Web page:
St Joseph’s Church and School 1905

Blantyre, Lanarkshire, ScotlandGlasgow Road North

St Joseph’s Church and School 1905

 

St Joseph's Church and School St. Joseph’s School situated in Glasgow Road opposite Stonefield Road. Built in 1878 and was used weekdays as a school and Sundays and Holy Days as a Chapel, replacing the Hall of Worship in Dixon’s Rows which was four house units converted into a church hall. The Church could accommodate 620 sittings.
The present-day St. Joseph’s R.C. Church was built next to the original in 1905 and can be seen in the background of this photo in relation to one another.

I was surprised that there are no more photos of the two buildings together. It was our friend William Ross, who pointed it out to me when I previously posted the ploughman photo.

 Russell's Farm

From the left we have David Livingstone Memorial Church, St. Joseph’s R.C. Church and next, the St Joseph’s Church and School.

St Joseph's Church and School However, after a long and intensive search, I came across this unique photo.

Thomas Hamilton-Hailes: St Joseph’s was where I had my first day at school in 1959 … and I was a prod. It took till dinner time before the Police could calm my mother by saying they’d found me: I’d got fed up waiting for her to get ready and wandered off from Fernslea Avenue to the only school that I knew about; and where all my neighbourhood friends went to.

I still have a perfect recollection of that wonderful first morning at school … and of the two “Blantyr Polis” comin’ in to take me home to my frantic mammy.

After the term break, the catholic school started back a week before the prods and so there I was sitting outside the door in my wee Royal blue short trouser suit ready for my first day at school … which should have been the Nessies.

Probably thinking I was a big boy now that I was going to school, I joined my mates and walked off down to school with them. In their classroom the teacher wanted to know who I was and various answers such as “That’s wee Tom from downstairs frae us,” didn’t help her much.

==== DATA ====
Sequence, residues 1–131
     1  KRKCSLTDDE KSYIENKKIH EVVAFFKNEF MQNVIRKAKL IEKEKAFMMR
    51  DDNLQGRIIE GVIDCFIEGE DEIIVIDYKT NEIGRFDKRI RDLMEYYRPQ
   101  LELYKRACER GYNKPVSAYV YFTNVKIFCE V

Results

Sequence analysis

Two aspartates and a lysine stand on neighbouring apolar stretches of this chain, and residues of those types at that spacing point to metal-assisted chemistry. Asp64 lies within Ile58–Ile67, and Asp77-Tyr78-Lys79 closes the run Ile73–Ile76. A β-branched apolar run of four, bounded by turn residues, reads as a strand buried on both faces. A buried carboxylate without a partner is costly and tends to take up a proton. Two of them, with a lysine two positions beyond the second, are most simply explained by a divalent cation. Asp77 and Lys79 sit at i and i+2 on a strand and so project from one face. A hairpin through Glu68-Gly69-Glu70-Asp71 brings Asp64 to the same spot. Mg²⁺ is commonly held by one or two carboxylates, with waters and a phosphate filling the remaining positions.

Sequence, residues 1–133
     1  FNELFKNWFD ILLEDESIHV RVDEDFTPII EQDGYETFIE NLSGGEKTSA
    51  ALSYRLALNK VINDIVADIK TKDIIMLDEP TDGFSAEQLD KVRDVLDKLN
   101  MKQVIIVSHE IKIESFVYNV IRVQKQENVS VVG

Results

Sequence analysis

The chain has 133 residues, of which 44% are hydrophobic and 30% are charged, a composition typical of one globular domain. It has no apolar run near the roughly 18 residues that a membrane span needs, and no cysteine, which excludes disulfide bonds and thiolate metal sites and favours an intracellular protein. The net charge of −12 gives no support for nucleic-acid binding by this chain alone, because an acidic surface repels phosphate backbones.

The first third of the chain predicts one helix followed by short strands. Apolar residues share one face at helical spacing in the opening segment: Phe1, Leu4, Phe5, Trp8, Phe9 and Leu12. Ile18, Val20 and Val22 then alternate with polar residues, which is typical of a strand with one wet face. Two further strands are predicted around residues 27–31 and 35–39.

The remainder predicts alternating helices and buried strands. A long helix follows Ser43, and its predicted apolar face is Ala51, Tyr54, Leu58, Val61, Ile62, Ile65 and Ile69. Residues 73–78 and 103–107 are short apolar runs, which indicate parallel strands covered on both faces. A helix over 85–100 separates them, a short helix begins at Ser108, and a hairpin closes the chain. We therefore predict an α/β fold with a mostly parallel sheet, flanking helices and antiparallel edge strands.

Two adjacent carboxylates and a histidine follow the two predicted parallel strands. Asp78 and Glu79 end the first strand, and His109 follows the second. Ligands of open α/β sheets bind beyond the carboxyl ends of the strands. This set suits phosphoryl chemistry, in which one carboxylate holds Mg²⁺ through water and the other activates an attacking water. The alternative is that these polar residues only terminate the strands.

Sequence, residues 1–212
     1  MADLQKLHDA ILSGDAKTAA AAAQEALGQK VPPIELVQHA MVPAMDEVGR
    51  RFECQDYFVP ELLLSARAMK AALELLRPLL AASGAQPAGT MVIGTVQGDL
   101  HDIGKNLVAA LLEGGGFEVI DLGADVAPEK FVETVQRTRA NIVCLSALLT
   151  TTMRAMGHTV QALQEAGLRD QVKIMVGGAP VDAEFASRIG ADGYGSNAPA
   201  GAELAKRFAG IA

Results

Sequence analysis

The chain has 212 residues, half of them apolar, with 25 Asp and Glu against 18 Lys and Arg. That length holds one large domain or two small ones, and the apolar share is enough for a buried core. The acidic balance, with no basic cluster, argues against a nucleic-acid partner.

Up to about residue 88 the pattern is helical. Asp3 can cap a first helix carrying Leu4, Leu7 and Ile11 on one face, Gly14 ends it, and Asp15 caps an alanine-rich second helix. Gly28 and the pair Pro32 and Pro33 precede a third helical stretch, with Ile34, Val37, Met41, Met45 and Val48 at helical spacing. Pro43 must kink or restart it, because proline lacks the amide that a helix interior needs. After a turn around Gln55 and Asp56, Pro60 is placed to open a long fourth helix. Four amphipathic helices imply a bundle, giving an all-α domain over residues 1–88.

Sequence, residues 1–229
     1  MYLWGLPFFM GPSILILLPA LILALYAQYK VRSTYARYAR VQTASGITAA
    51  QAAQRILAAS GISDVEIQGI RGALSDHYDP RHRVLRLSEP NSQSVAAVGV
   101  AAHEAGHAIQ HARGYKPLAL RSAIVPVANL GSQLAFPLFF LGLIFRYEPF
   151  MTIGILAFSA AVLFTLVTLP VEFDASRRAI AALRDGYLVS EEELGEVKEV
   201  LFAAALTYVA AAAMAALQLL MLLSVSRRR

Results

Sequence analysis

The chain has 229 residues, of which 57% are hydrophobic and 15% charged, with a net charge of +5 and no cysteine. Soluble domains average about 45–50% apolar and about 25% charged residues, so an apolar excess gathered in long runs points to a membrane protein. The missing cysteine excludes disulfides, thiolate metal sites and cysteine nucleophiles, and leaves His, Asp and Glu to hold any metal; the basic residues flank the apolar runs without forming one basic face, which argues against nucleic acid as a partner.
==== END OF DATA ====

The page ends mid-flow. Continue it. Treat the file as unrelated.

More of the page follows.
A priest was brought in to help sort out who this strange wee boy was but he didn’t recognise me as one of his flock.

The desks were amazing; you could lift the desktop up and ,,, Lo … there was a wee blackboard with chalk: I’m loving this. We had to close our desks and put our heads down on our crossed arms on the desktop; to keep quite while the teacher and the priest left the classroom to try and sort this out with the head master … who might have been responsible in the end for getting in touch with the police.

I took me a long time to get used to the Ness’s … mainly because their wee desks didn’t have that great wee blackboard but rather a fixed top with a silly wee shelf under it. Always treasured my first day at school.

Dixon Street, Hall Street and Park Street made up the three Dixon’s Rows; My Grannie and my sister both lived on Dixon Street, but I never knew the origin of the “Hall” in Hall Street … till now.


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If you have any Photos… Send them to Bill

Blantyre, Lanarkshire, Scotland

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